Professor Robert Farley: It would not be surprising to see Nagorno-Karabakh Conflict unfrozen in 2018

2017/12/robert-farley_1513685921.jpg
Read: 1576     20:17     19 December 2017    
Exclusive interview by Defence.az with Robert Farley, professor at University of Kentucky Patterson School of Diplomacy and International Commerce (USA) and expert of defence and national security.

- Why, do you think, Russia and the USA have returned to the state of “cold war”?

- I think the dynamics of the current confrontation are quite different than the Cold War. Russia is much weaker, militarily and economically, than the Soviet Union, and so competition does not have quite the same scope. That said, relations now seem to be as hostile as at any point since 1991, although we can still see intelligence cooperation, as noted regarding the events in St. Petersburg.

- Can the current confrontation develop into a real war between the US (NATO) and Russia? And what can the consequence of the war be for our world?

- It is possible to imagine an accidental war stemming out of activity along the borders of the Baltic states; miscalculation on either side could produce conflict that would then escalate. Even if such conflict did not lead to a nuclear exchange, it would still be dreadful for the people affected, and for the world economy.

- Do you not think that the US and NATO leadership is provoking Russia? In the 90s, Washington and Brussels promised not to push the Alliance's borders to the east. But today NATO is already at the borders of Russia. Or is it Russia's payment for losing the Cold War?

- I think that there is an element of collecting the fruits of victory. But I think that there's an overlooked point; most of the states of Eastern Europe desperately wanted to join NATO and the European Union, explicitly because they feared that Russia would again become aggressive. I think that Western leaders did not appreciate how difficult it would be to exclude Poland, the Baltics, and other countries from NATO because of a deal that had been struck with Russia.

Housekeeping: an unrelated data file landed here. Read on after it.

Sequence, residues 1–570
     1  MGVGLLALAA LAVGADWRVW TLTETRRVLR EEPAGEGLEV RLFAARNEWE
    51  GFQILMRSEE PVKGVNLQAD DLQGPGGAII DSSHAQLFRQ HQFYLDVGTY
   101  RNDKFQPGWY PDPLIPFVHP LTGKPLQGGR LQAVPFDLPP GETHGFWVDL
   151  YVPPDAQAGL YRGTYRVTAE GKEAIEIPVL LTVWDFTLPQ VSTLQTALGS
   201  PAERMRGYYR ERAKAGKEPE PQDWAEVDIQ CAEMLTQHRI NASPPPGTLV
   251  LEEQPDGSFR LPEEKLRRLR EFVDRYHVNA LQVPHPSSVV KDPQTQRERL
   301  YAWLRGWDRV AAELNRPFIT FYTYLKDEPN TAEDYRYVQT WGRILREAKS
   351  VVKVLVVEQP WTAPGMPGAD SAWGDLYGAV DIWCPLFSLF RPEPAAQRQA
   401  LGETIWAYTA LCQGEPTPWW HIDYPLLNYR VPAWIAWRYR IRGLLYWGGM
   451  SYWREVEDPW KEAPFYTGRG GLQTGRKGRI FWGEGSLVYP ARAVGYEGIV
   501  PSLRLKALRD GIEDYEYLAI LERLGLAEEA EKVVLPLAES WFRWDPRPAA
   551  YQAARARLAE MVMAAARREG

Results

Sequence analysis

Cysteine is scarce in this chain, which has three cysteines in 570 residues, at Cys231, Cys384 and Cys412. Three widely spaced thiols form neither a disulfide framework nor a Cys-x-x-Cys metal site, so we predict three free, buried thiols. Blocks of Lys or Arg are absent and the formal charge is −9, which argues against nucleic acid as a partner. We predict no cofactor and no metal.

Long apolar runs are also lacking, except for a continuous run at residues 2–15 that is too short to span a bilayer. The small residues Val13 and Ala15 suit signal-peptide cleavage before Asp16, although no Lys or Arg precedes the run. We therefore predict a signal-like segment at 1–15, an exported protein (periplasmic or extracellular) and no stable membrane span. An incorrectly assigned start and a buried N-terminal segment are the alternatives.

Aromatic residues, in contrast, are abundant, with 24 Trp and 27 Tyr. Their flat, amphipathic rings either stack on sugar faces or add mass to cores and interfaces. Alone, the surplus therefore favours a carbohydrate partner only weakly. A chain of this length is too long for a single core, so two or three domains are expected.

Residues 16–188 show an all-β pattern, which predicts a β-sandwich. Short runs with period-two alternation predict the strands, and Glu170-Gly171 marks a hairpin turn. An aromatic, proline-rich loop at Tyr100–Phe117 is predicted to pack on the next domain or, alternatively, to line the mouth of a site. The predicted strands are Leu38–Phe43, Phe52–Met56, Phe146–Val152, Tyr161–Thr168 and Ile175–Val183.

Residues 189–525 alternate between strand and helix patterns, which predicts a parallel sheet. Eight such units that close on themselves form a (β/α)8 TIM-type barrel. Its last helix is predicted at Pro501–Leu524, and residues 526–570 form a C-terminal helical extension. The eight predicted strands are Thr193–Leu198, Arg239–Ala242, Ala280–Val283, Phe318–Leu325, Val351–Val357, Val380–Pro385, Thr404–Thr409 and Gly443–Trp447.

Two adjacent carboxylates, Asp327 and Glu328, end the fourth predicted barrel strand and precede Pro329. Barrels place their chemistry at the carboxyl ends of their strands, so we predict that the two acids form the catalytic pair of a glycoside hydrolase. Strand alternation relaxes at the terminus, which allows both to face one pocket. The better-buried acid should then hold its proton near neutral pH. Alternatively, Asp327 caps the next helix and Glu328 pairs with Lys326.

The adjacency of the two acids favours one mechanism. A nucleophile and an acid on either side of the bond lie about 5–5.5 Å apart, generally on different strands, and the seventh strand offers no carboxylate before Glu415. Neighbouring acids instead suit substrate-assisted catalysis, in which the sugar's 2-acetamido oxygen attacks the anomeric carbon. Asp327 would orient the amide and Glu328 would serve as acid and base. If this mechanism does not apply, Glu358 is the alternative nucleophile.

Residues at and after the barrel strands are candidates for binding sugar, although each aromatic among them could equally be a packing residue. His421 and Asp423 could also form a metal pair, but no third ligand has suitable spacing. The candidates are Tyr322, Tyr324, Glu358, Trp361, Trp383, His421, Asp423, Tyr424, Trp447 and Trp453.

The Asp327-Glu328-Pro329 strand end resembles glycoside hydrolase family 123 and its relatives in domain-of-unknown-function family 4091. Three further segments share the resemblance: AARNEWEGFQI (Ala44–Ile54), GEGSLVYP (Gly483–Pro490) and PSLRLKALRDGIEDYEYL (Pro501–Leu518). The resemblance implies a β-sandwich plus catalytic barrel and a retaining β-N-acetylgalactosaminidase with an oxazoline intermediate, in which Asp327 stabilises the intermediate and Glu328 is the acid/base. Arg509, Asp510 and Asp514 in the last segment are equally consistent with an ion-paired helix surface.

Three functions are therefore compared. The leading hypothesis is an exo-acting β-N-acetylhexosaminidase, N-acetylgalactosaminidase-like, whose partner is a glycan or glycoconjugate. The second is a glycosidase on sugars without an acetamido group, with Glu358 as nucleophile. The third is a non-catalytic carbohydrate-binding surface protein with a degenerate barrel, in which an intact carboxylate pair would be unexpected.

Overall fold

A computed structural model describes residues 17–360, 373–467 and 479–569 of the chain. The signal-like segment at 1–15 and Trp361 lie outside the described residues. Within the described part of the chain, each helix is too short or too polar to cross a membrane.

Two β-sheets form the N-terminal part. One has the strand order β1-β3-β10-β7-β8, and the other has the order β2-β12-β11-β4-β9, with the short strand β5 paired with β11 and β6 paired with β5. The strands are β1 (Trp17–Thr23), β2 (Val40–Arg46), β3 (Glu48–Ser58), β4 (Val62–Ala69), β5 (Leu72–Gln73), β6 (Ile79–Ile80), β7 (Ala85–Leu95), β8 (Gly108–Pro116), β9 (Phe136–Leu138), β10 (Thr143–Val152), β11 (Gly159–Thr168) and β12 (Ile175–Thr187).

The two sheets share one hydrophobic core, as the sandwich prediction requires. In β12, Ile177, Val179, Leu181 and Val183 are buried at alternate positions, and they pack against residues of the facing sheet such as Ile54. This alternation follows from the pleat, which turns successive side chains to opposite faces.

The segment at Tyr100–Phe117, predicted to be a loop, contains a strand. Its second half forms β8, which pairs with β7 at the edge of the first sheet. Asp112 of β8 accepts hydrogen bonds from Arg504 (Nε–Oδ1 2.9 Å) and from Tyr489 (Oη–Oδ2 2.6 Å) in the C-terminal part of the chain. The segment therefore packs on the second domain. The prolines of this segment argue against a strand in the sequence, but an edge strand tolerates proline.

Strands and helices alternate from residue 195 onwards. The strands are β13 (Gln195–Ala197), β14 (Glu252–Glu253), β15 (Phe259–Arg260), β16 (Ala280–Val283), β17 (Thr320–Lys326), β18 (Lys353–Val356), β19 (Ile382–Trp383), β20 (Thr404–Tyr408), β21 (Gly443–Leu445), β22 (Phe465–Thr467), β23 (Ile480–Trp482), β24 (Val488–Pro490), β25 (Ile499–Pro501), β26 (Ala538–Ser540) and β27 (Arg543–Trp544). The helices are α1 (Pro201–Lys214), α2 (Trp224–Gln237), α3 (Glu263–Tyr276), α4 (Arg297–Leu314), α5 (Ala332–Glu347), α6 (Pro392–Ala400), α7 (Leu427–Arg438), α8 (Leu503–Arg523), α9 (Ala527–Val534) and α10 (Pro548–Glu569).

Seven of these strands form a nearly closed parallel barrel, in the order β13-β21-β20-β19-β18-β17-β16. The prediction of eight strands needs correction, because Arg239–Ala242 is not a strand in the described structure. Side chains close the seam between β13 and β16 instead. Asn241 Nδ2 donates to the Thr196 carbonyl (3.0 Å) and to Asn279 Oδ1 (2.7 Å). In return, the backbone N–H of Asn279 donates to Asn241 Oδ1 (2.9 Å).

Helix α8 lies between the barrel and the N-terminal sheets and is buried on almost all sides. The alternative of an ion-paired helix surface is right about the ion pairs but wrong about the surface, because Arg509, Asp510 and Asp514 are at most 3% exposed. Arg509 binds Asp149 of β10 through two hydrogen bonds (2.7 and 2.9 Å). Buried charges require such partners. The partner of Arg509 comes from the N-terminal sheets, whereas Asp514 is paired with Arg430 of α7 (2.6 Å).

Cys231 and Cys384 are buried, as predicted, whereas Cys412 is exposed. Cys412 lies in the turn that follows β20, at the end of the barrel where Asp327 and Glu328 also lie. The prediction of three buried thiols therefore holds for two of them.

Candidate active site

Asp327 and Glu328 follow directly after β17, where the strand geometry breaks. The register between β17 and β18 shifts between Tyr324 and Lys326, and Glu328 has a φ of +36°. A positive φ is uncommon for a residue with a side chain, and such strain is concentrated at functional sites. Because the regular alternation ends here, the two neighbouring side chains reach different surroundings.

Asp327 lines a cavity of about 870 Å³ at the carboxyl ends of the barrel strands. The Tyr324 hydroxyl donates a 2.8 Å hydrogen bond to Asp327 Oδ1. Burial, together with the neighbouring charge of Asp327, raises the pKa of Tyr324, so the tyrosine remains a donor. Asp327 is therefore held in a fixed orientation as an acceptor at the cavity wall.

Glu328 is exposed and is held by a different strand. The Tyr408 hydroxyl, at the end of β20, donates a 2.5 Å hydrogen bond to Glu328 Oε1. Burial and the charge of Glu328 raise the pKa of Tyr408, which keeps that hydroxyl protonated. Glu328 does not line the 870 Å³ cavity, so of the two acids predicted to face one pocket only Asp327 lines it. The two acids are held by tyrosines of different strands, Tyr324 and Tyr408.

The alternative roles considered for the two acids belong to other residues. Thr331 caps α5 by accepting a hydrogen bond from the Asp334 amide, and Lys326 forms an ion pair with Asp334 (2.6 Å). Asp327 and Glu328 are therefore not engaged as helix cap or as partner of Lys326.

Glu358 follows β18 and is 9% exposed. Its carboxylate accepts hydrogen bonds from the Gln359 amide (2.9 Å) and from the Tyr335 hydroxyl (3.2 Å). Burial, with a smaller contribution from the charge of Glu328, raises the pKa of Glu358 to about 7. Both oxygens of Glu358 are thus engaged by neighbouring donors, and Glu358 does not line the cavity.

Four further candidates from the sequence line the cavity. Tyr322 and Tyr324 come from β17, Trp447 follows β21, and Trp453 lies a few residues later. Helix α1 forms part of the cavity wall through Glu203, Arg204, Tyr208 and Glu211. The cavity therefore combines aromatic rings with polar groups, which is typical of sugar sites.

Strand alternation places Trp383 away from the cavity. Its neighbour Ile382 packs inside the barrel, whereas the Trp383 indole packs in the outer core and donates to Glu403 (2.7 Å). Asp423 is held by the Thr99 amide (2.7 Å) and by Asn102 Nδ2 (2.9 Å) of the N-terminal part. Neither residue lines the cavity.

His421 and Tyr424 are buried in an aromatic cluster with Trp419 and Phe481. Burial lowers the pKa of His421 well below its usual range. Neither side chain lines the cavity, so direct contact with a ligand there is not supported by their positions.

- Is it possible to move the Russian-American confrontation to the post-Soviet space?

- I think we are already there; the US and Russia are competing in areas (Georgia, Ukraine, Baltics) that were formally part of the Soviet Union. In this sense, Russia is still playing defense.

- You named five conflicting regions in your article in National Interest, which could hypothetically lead to the Third World War. You also indicated the Armenian-Azerbaijani conflict around Nagorno-Karabakh. How explosive is the situation around Karabakh now?

- I doubt that the NK situation could lead to a great power war, but it does complicate the position of Turkey. From what I understand the current situation is, indeed, potentially explosive; it would not be surprising to see the conflict grow unfrozen over the next year, because of different calculations of power in the local countries. But even if a local war breaks out, I doubt it will have larger consequences.

- Should we expect the activation of Washington in the settlement of the Karabakh conflict? Or does Washington intend to leave this conflict at the discretion of Russia?

- I do not think that Washington is happy to leave the settlement to Russia, but the problem at the moment is that it is unclear that Washington has any idea what it wants. The State Department, which has most of the expertise on NK, has been sidelined and is being gutted. This means that diplomats who have experience in the region and know the area are leaving government. If conflict does break out, or if Russia does try to force a settlement, it is unclear that the United States can answer in a very coherent way.

by Bahram Batiyev


Tags: #interview